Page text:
Subject: Re: Constant initialization in C++20
From: Arthur O'Dwyer (arthur.j.odwyer_at_[hidden])
Date: 2019-06-20 18:12:32
On Thu, Jun 20, 2019 at 5:19 PM Mark A. Gibbs via SG20 <
> On 2019-06-19 6:56 a.m., Christopher Di Bella wrote:
> I would encourage newer books and classes to introduce keywords as they
> become necessary. There's no need to spam students with a bunch of words
> that have no place in a relevant class. For example, I'd like to see
> reinterpret_cast, const_cast, and union no longer show up in introductory
> material. Not mentioning consteval and co there is also a good idea.
> I agree with the sentiment, but it doesn't seem practical in reality.
> When I teach beginners about what they can use as a legal identifier, I
> simplify it to "use only letters, numbers, and underscores, don't start
> with a number or underscore, oh, and don't use any of these", and then show
> the list of keywords and other reserved words. (Granted, this does lead
> some inquisitive people to ask "what does this do? what does that do?". I'm
> forced to brush them off so I can move on by saying something to the tune
> of "if you don't know what it does, you probably don't need it" or "when
> you need it, then you'll know what it does"... but that's something I have
> to do a lot when teaching C++ anyway.)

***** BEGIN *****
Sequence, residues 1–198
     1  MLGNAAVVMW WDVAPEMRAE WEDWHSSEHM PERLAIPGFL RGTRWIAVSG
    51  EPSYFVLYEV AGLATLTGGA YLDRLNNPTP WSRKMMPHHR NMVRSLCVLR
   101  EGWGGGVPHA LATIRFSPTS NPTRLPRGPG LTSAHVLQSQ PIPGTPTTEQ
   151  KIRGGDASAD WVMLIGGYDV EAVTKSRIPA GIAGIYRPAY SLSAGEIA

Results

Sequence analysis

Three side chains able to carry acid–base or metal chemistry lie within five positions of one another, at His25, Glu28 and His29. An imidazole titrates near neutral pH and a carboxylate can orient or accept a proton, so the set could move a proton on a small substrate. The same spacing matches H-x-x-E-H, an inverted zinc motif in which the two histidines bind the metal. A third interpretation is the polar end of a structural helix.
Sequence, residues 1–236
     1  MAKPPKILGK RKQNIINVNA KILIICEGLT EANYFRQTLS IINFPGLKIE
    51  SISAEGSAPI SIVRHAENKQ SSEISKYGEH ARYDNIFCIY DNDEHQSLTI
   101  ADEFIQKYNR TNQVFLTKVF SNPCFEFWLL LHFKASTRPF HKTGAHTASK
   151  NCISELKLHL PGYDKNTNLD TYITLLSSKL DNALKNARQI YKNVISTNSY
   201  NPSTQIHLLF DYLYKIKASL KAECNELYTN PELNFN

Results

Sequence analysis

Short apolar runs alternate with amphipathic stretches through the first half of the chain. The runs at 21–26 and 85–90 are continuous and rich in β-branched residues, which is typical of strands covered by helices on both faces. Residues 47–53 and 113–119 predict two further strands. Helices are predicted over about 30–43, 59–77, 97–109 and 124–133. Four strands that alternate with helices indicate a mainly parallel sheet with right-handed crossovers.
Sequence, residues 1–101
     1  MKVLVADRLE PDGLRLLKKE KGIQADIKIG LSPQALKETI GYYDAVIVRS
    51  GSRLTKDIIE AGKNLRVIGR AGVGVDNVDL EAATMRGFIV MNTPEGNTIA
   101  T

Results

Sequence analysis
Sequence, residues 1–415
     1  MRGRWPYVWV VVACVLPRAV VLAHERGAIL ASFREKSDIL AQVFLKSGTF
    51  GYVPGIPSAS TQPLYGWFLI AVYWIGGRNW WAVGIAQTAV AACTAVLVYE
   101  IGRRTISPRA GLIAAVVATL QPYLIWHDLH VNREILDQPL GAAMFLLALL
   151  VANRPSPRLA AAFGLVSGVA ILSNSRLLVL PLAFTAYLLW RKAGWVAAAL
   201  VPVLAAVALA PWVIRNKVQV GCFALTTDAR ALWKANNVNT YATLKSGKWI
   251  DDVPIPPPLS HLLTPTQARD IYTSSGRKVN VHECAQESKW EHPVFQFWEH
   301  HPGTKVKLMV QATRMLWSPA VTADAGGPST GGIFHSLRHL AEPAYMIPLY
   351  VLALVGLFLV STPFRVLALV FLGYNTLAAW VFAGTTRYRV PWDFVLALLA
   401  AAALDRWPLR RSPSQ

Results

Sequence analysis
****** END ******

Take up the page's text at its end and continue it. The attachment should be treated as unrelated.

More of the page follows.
> Are there any other options for telling beginners what they can use for
> their variable/function/class/whatever names? Without showing them the list
> of keywords, how would they know they can't name something "union" or "
> register" or "default"?
Just try it out, and if it doesn't work, then don't do it.
C++ programmers have to learn not to name things all kinds of wacky names,
Can't use `min` on Windows.
Can't use `R10` on MinGW.
Can't use `unix` on Linux.
Can't use `rad1` or `hyper` on MinGW-w64.
None of those examples are "because it's a keyword."
And vice versa, you *can* name variables `final` or `override` or `module`,
but, *should* you?
On that note, are any students really out there wondering, "Is `consteval`
an acceptable name for this local variable?"?
(However, I am kibitzing only at the message I'm replying to. Re the
original post: yeah, `constinit` definitely should be an attribute. Eric
Fiselier even proposed it that way. It was committee'd by the committee.
And `consteval` has, as yet, no reason to exist. I certainly wouldn't teach
it, even if it survives into the release version of C++2a.)
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